Gate Street Facelift

Gloucester Conservatives have announced that they will bring forward plans to renew the tired paving in the pedestrianised areas of Eastgate and Westgate Street if they remain in control of the City Council after May’s elections.  The pledge is included in the Party’s manifesto for the council elections on May 7th.

Eastgate Street was the first of the gate streets to be pedestrianised in the 1980s, with Westgate Street following shortly afterwards.  Apart from some decluttering works in the early 2000s and ongoing repair work, the streets are largely unchanged from when the paving was first laid three decades ago.  Northgate and Southgate Streets were pedestrianised in the late 1990s.

Plans have already been announced by the Council to replace the litter bins in the city centre and street furniture, like bollards and posts, is due to be repainted shortly with the help of volunteers.  The work forms part of a “Public Realm Strategy”, which is due to go out for public consultation shortly ,which will promote quality and consistency in the materials used in the city centre streets and public spaces.

Although, strictly speaking, roads and pavements are the responsibility of the County Council, it is not unusual for district councils to make significant investment in the public realm in order to promote the vibrancy of the city centre and encourage economic growth.  Improvements to the public realm are proven to lever in more investment from the private sector.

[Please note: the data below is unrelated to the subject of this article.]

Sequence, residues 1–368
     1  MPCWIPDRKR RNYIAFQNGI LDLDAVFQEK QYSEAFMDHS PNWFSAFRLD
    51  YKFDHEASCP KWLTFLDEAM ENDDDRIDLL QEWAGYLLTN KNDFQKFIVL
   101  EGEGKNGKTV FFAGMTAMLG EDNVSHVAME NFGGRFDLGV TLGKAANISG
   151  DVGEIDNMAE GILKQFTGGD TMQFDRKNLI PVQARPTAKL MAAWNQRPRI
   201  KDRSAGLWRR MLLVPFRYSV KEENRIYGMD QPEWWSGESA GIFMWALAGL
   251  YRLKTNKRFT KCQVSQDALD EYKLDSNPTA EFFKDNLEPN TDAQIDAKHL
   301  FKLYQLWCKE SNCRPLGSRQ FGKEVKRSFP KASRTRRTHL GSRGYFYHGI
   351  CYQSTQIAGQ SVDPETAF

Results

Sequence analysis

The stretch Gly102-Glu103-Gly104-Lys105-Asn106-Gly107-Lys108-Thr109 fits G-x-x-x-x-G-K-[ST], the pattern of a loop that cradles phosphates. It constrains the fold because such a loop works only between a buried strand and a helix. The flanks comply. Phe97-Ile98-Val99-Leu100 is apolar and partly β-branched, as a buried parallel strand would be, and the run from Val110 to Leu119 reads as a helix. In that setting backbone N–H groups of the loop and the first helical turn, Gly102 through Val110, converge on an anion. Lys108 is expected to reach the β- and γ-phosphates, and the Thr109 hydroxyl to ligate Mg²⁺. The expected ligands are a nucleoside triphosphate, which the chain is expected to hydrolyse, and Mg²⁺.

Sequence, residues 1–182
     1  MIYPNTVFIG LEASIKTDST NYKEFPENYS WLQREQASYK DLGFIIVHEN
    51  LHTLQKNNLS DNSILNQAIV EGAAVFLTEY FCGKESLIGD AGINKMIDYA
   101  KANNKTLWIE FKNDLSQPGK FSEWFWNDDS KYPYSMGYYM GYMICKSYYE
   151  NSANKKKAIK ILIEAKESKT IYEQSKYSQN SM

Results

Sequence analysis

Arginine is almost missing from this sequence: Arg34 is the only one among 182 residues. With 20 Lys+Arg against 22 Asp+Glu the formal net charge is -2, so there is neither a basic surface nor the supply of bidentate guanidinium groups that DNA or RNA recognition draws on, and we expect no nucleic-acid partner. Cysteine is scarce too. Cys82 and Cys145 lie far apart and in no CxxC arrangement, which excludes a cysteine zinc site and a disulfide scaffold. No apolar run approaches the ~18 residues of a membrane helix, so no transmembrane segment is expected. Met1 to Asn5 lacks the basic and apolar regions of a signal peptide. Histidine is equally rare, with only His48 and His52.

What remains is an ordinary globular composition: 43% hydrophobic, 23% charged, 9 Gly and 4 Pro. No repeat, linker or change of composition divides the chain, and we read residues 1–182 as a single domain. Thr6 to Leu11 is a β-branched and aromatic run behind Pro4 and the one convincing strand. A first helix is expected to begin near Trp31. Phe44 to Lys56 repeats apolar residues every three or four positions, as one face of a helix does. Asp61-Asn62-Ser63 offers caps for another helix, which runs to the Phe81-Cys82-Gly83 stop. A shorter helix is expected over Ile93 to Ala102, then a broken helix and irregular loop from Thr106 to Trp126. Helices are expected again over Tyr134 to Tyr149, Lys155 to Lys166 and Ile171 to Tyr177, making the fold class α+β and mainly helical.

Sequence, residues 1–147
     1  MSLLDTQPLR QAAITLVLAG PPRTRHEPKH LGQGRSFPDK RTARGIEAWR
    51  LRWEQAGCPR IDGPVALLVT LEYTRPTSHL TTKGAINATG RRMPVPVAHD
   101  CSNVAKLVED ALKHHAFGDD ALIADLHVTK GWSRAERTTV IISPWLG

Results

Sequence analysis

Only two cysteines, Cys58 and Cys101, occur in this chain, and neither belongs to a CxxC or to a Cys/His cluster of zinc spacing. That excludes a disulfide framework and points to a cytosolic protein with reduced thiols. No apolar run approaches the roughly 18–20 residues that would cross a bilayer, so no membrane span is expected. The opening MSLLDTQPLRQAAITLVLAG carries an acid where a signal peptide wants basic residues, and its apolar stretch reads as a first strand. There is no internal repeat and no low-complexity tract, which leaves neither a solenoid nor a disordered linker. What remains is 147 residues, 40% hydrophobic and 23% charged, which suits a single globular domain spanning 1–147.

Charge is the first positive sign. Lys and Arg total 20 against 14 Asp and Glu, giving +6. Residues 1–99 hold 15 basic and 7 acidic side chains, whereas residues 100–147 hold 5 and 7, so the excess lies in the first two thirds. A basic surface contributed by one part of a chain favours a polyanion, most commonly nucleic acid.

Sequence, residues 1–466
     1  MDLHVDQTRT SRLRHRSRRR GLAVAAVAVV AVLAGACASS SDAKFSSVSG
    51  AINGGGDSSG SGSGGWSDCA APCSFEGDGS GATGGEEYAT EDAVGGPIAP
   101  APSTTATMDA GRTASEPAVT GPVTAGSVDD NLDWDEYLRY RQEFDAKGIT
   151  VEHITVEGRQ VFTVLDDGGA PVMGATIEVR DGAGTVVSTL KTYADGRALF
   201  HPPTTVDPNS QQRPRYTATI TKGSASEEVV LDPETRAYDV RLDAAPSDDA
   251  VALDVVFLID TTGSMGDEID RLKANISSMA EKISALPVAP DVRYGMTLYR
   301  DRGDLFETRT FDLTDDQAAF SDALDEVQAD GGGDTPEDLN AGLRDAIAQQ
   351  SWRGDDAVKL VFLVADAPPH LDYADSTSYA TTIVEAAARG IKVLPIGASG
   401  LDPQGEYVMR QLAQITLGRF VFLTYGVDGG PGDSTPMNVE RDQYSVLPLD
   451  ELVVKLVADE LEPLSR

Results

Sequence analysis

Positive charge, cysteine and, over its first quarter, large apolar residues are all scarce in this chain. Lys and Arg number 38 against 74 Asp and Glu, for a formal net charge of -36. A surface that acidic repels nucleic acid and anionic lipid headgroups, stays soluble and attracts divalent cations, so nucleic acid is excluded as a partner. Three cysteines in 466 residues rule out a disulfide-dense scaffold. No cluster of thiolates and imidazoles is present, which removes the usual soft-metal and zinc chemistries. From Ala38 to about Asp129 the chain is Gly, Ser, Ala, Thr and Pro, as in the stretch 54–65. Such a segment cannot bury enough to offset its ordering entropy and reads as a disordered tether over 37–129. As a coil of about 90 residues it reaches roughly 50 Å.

The works, which could cost several million pounds, would be funded from capital receipts when the Council sells land or other windfalls the council receives.  The Council has already started to put aside funds in a “Regeneration Reserve” which could be used for this purpose.

Council Leader Paul James said, “We recognise that the paving in Eastgate and Westgate Street is looking tired and doesn’t make a positive contribution to the city centre environment.  The County Council can continue to make repairs but at some point we will need to grasp the nettle and renew it completely.  It’s not something that will happen overnight and we will only do it when we can afford it, but the Council does have assets that will be developed over the next few years and we will prioritise those funds for this purpose.”

He added, “It is proven that investment of this kind reaps benefits from additional private investment.  The Kings Quarter development, important though it is, on its own won’t be enough.  We want to lift the whole of the city centre.”

Westgate councillor and city centre champion Paul Toleman said, “I am regularly reporting issues that need repair to the County Council, but a major investment is needed and I believe it would be a real benefit and improve the city centre environment.”

The City Council has already made a multi-million investment in land acquisition for the Kings Quarter scheme and put aside £2 million from the sale of land at St Oswalds Park for projects to support the city centre, including cladding ugly buildings and relocating the Tourist Information Centre to bigger premises in Westgate Street.